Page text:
Treatment of Chronic Neck Pain

by | Oct 22, 2018

What Causes Chronic Neck Pain?

A majority of chronic neck pain is due to injury to the cervical facets.  This condition is known as cervical facet arthropathy or cervical facet syndrome.

Diskogenic disease is another, albeit unlikely cause of localized neck pain.

What are the Cervical Facet Joints?

Facet joints are found on both sides of the spine.  Each is about the size of a thumbnail. Cervical facet joints are named for the vertebrae they connect and the side of the spine where they are found. The right C6C7 facet joint for example, joins the 6th and 7th vertebrae on the right side.
Facet joints not only connect the vertebrae but they also guide the spine during movements.

What is Cervical Facet Joint Pain?

Cervical facet joint pain is a result of injury, either to the cartilage inside the joint or the connecting ligaments surrounding the joint.

Pain from an injured cervical facet joint may be aching and associated with muscle spasm, or may be acute producing a stabling or shooting pain. Depending on which facet joint is affected, the pain may produce associated headaches, or can produce referred pain to the shoulders. The diagram shows areas of pain usually associated with specific joints.

How is Cervical Facet Injury Diagnosed?

Specific signs and symptoms are associated with this condition. Patients will usually have upper or lower neck pain, which exacerbates with certain positions and activities. Although findings can vary, the classic signs are pain which worsens with extending the neck, tilting the neck to one side, and palpating the area where the pain originates in the neck. Common tests such as x-rays or MRI’s usually will not show abnormalities due to a symptomatic to facet joint.  Therefore the only way of truly diagnosing the condition is with a facet joint injection.

What is a Cervical Facet Injection?

There are several types of facet joint injections. The nerves to the joint can be blocked as a diagnostic test, the ligament structures overlying the joint can be injected to aid stability, and the joint itself can be injected with anti-inflammatory medication.

These injections are performed to both diagnose and treat the condition. If the nerve block brings temporary benefits, and improves the range of motion, this is a good suggestion that the condition exists.  A second procedure may be performed to both confirm the diagnosis and attempt to achieve long term benefit. The ligamentous structures may be injected during Prolotherapy or Platelet Plasma Injections to improve laxity and to regenerate tissue. More conventional treatment involves injecting the joint with corticosteroid to reduce inflammation.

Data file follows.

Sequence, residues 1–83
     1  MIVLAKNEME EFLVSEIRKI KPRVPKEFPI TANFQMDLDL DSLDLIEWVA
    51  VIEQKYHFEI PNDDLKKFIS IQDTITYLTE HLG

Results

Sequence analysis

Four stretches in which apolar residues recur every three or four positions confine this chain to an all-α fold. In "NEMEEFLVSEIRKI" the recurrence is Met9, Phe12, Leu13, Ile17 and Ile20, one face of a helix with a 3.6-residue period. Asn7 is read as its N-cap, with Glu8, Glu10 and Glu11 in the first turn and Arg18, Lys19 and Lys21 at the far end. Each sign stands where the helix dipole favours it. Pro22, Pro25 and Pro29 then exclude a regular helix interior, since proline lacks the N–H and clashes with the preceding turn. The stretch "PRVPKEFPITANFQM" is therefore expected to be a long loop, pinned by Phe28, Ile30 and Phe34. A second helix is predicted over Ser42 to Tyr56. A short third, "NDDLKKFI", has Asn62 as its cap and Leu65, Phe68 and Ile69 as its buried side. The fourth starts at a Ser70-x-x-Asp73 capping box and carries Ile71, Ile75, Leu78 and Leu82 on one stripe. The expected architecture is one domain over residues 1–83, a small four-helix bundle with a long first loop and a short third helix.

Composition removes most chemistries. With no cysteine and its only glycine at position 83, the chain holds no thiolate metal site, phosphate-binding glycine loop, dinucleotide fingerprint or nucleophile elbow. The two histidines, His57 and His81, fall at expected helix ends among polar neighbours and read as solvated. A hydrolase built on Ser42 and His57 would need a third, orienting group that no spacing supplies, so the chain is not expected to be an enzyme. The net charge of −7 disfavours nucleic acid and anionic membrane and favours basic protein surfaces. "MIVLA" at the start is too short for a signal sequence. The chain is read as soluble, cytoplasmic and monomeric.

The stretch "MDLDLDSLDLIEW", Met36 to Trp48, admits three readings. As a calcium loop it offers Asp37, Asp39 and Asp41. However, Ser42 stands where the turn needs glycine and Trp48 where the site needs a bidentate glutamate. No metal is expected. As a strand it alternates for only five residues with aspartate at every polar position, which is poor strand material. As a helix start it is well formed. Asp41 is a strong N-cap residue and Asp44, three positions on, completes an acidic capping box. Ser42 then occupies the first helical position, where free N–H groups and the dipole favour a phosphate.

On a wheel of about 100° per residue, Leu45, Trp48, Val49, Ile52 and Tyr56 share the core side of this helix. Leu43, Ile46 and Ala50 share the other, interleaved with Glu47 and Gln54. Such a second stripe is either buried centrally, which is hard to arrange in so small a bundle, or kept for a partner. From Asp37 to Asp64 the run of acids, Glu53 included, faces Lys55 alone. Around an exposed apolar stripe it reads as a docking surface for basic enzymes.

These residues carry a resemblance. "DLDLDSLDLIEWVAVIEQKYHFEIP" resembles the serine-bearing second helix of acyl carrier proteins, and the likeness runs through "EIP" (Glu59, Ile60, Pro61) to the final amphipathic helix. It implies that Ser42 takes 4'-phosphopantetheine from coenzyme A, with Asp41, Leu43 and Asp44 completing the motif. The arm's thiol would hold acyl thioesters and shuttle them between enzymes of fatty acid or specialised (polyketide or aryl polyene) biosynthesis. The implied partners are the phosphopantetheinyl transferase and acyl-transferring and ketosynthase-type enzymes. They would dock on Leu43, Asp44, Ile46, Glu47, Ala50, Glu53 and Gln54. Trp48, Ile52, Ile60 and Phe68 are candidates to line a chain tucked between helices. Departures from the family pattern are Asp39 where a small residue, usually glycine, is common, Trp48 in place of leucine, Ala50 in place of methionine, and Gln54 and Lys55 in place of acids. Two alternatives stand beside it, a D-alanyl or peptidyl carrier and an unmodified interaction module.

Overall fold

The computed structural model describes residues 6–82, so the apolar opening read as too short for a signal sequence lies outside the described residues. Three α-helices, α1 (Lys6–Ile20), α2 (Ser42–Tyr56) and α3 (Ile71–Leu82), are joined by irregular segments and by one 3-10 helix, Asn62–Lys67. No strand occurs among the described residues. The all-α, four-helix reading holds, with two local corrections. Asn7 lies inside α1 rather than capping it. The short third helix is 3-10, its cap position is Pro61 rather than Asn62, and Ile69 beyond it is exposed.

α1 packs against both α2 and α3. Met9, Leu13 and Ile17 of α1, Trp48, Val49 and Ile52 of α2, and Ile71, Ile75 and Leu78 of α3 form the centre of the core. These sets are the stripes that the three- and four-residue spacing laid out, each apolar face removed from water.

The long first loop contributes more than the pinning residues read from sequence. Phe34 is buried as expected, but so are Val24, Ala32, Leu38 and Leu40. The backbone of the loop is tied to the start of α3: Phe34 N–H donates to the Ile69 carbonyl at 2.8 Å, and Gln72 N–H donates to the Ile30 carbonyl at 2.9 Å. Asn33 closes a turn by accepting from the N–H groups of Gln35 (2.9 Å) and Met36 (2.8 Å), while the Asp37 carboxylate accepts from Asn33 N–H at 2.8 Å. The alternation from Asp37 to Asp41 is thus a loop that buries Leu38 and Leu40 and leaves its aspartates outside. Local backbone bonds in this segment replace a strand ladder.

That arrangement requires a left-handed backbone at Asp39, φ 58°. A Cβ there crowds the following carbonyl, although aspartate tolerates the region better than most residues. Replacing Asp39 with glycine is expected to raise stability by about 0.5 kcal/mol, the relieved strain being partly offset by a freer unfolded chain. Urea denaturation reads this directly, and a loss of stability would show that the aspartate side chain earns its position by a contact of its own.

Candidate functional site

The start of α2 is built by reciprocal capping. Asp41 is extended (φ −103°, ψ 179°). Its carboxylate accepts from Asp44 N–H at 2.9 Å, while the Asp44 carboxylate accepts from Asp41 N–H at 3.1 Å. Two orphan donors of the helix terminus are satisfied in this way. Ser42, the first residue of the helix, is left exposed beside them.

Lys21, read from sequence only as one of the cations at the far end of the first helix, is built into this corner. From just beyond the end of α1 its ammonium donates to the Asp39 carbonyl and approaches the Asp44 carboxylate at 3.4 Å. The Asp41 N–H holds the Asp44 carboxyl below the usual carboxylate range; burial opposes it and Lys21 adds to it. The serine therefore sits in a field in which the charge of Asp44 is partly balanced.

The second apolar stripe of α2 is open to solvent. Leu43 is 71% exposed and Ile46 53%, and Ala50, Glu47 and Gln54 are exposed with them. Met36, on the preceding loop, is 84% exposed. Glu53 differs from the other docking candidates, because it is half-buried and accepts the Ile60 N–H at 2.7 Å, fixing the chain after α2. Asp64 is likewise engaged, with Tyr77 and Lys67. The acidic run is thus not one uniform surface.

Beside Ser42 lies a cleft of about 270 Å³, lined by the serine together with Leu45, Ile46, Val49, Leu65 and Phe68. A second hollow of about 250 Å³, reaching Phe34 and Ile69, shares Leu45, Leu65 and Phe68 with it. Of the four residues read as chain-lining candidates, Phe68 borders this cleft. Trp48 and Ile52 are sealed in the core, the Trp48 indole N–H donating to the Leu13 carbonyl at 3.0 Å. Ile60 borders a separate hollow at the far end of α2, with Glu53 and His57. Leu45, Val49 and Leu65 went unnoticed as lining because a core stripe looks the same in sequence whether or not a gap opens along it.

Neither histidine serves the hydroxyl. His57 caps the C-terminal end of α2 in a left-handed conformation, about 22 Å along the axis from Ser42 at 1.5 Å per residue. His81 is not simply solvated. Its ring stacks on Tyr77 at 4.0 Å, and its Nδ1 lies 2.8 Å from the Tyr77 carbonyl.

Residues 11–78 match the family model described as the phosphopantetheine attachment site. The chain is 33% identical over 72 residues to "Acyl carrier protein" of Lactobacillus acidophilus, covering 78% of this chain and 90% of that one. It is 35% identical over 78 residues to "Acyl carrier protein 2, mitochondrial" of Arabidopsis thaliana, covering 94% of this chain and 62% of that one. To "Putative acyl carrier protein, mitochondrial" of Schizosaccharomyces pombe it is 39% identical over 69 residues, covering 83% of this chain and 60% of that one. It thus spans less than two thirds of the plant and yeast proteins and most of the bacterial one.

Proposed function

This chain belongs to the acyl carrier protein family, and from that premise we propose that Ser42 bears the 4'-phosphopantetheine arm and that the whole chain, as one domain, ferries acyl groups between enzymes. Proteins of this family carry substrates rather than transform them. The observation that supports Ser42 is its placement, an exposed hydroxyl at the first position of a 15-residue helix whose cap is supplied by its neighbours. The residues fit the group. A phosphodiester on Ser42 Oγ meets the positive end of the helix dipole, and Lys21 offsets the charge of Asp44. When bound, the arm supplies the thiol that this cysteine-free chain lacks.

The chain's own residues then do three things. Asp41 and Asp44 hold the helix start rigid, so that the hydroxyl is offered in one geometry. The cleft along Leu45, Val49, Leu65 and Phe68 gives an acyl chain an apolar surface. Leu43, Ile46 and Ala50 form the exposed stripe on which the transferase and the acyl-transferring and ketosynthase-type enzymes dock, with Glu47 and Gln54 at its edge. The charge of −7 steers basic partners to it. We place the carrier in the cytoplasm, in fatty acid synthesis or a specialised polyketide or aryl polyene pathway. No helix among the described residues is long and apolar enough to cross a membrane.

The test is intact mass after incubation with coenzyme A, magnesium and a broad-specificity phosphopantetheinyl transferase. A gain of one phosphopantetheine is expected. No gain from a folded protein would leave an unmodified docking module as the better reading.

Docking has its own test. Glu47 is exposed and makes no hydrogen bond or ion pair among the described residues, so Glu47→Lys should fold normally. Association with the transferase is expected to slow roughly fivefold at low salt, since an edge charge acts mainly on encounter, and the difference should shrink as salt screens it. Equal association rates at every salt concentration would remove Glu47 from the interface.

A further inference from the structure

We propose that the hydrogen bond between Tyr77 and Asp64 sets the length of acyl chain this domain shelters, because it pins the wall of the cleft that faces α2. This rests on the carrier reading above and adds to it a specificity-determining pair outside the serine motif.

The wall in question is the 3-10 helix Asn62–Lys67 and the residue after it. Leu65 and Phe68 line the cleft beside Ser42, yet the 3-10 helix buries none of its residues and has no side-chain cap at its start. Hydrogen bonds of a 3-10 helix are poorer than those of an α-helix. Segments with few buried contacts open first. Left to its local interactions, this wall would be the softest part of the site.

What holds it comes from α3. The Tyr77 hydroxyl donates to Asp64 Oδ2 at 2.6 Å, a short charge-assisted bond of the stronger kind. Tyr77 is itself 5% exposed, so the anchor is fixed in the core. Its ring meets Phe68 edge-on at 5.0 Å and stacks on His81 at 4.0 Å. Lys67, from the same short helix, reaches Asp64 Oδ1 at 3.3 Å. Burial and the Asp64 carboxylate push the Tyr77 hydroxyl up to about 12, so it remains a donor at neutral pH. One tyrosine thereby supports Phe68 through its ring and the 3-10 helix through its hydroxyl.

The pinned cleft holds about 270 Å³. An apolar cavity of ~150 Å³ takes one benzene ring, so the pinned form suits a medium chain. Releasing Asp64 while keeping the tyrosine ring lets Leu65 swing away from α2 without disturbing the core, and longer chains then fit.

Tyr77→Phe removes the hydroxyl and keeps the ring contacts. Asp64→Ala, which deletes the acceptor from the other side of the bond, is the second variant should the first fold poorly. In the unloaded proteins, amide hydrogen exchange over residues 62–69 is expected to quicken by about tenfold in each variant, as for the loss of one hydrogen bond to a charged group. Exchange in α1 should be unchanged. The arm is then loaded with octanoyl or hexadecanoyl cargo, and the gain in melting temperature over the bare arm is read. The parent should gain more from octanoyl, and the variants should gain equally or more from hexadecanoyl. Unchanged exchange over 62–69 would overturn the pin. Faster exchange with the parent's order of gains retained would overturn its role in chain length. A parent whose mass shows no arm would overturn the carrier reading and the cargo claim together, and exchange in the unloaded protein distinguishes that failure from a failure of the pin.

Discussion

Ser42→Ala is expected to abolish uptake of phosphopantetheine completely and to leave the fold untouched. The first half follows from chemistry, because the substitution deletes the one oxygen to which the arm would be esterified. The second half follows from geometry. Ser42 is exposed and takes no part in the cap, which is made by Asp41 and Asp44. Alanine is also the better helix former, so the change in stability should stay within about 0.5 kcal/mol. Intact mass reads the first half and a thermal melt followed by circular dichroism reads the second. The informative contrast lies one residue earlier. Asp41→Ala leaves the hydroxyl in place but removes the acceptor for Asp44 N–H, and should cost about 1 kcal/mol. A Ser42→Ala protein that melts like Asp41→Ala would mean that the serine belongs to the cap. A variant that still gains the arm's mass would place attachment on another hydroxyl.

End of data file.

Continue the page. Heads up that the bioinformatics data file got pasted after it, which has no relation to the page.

How is the Injection Performed?

The injection is usually performed in an operating room setting. The patient is given an intravenous whereby sedation is administered. A local anesthetic is also used to help numb the skin and underlying muscles.

The injection is performed under fluoroscopy, a type of x-ray, to ensure the safe and proper positioning of the needles. Usually two or three joints are treated simultaneously. Once the needles are in proper position, approximately 1 ml of the anesthetic mixture is injected at each joint.

What Happens After an Injection?

After the procedure, the patient is brought to the recovery room and monitored for about 30 minutes before being discharged from the center, and will receive discharge instructions and a pain diary. The anesthetic will wear off throughout the day. Therefore keeping track of the pain score helps determine whether or not this is the condition which is causing the pain.

After the procedure, it is helpful to assess whether or not activities and positions which used to cause the pain, are now improved. If the patient can move his/her neck more fully and without pain in a manner which could not be done before, then this is a positive sign. Pain relief may be immediate or may take up to an hour to achieve maximum strength. The skin around the neck may be numb, and the muscles may be slightly week while the anesthetic is working. This will wear off in a few hours.

How Long will Pain Relief Last?

Pain relief from a single injection can be temporary or possibly permanent. There is no way of predicting this, as results may be due to the severity of the condition and the number of levels which need to be treated.  Some patients receive excellent long-term benefit from a single treatment but some patients do need a second treatment. If necessary, radiofrequency ablation, discussed in my next blog, is the most definitive and permanent treatment for this condition.  As is my philosophy, these and other minimally invasive modalities can achieve long-term pain relief without surgery.

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